Experience from the UK: Forced labour exists, you just have to open your eyes to see it.

Marie Jelínková

Forced labour, exploitation, and highly unsuitable working conditions are among those issues which the developed countries often want to believe have noting to do with them. If somebody does not focus on this topic, no one will realize that these problems exist. In 2007 the United Kingdom celebrated the bicentenary of abolition of slavery, some experts said that even though slavery is banned, it's modern form exists in the UK (as well as in other countries) on a massive scale. Nevertheless, thanks to the support and initiatives of the Joseph Rowntree Foundation in the UK a number of case studies dedicated to the issue of modern slavery have been carried out.

Translated Abstracts of British Studies on forced labour will be available on Migraceonline.cz. For the English version click here.

However, the  JRF's study does not only focus on specific cases, but it also systematically inspect the job sectors where forced labour is more frequent. Furthermore there are also described individual cases which help us to characterise and understand forced labour in the modern world.  Finally, the study suggests changes in legislation or its application.

These studies reveal a hidden but serious problem that persists in our society. After documenting hundreds of cases, there is no doubt that this is NOT just an exceptional situation, but a phenomenon that is not easy to get rid off. The experience of different countries, interpretations and application of legislation allow the fight against forced labour to continue effectively. Recent reports show that even though the UK has difficulty eliminating forced labour, it seems that at least the first few basic steps such as mapping it's scope and content, and making some suggestions for possible solutions are already completed. When the real extent and types of forced labour in a developed country like the UK is revealed it is definitely worrying. Unfortunately, cases of labour exploitation of migrants are not unusual in the Czech Republic but the number of cases revealed is less than one hundred. The above-mentioned experience in the UK shows that the size, structure and forms of forced labour cannot be detected without a target mapping and investigation into problematic areas of employment and in particular foreigners.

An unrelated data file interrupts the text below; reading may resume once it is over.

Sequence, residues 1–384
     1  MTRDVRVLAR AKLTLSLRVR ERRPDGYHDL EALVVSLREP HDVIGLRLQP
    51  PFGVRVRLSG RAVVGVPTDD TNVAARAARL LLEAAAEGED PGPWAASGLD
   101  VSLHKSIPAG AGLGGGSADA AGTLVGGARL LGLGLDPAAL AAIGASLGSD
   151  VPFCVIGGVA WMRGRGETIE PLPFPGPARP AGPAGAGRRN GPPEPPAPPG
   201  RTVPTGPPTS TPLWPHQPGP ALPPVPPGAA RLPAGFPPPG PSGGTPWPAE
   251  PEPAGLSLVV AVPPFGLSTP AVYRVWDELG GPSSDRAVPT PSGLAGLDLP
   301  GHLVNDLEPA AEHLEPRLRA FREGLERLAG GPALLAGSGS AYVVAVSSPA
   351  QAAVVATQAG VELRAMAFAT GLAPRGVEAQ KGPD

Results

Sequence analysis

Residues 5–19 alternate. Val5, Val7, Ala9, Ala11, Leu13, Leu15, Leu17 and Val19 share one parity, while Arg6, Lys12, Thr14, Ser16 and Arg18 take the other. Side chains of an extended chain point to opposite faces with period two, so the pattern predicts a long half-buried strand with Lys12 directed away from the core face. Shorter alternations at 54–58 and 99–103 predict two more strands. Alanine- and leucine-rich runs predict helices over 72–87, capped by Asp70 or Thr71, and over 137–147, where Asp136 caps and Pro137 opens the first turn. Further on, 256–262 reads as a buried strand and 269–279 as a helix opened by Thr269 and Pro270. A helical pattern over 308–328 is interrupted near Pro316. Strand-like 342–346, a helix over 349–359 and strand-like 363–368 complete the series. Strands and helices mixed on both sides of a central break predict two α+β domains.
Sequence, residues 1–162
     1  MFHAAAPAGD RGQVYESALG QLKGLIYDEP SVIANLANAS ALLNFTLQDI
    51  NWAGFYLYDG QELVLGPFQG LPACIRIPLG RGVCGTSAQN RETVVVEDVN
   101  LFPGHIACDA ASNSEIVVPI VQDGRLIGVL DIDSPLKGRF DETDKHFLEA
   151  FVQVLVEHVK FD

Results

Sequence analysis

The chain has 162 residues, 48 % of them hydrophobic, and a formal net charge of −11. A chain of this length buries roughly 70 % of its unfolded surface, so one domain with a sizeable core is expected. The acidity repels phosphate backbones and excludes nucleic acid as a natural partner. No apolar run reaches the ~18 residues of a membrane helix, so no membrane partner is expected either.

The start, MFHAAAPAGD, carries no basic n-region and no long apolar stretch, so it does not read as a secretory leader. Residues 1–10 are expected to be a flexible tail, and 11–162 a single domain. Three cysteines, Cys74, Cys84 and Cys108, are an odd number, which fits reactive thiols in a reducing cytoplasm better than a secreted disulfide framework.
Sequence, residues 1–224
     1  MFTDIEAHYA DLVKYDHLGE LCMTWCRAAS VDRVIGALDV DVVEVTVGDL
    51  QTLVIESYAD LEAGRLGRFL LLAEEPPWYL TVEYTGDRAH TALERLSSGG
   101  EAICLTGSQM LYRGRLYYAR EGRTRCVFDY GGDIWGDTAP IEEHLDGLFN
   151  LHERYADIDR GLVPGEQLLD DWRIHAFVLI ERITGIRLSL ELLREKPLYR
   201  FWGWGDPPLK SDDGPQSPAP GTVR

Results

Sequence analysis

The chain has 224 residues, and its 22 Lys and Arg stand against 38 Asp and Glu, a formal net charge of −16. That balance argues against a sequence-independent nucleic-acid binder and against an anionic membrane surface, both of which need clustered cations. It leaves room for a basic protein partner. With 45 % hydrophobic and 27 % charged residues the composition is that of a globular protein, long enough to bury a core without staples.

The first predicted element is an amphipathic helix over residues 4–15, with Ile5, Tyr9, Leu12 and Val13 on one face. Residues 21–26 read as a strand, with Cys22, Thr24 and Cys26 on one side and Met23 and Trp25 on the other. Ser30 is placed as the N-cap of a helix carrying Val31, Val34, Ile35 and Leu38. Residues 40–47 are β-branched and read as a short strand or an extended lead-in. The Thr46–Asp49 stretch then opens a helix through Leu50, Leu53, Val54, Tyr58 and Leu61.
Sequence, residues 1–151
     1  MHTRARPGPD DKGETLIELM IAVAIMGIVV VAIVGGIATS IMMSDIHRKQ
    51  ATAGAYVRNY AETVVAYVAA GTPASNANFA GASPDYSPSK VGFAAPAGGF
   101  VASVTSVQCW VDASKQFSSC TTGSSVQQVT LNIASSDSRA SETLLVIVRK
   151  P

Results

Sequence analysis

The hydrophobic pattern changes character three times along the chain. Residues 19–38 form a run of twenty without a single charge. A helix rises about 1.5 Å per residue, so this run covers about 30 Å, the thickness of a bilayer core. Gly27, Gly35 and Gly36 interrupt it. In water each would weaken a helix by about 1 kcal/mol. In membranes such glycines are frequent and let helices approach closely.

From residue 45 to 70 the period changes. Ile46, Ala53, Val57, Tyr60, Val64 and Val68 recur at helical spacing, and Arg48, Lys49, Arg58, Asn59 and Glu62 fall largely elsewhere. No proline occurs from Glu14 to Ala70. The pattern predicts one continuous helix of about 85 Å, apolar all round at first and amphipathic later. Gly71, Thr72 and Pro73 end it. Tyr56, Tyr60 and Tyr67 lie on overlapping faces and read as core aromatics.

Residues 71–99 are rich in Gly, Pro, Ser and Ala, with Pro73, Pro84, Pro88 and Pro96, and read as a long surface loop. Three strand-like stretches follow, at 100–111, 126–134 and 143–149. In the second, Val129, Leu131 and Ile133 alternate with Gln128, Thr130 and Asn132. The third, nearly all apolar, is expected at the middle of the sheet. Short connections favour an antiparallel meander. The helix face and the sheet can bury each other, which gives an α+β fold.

Particular cases of the exploitation of migrants in the Czech republic are being investigated by various non-governmental organizations. Firstly an organisation know as LaStrada has notably contributed to the understanding of forced labour in the Czech republic, secondly the  Association for Integration and Migration (AIM) focuses on safety and decent working conditions in a project called, “Foreign workers on the labour market”. However, the systematic mapping and individual case investigation is still missing in the Czech Republic, so there is no doubt that we are at the beginning of the discovery of the extent of forced labour. On the other hand these investigations may help to change the interpretation and application of the Czech legislation, so on the next anniversary of the abolition of slavery, we do not have to say that in our country forced labour exists?!

Representatives of the Czech non-profit sector, including the AIM lawyer Pavla Hradečná, will soon extract the UK experience during the May internship with a partner organization Anti-Slavery International in London, where they will meet, among other representatives of local trade unions and NGOs campaigning for equal rights and work conditions in Great Britain. A report of the meeting will be available on the AIM website, section called Labour migration.